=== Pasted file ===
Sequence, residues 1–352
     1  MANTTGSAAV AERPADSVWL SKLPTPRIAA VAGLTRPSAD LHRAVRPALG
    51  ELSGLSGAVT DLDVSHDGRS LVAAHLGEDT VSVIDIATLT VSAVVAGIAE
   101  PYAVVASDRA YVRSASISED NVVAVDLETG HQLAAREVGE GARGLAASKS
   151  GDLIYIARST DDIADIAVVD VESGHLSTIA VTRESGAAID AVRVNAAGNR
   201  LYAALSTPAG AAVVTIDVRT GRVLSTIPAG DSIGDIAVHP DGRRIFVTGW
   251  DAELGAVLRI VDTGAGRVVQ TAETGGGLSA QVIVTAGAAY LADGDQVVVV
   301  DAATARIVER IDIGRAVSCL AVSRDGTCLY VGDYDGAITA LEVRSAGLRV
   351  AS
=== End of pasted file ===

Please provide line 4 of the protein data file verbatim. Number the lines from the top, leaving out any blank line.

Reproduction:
   101  PYAVVASDRA YVRSASISED NVVAVDLETG HQLAAREVGE GARGLAASKS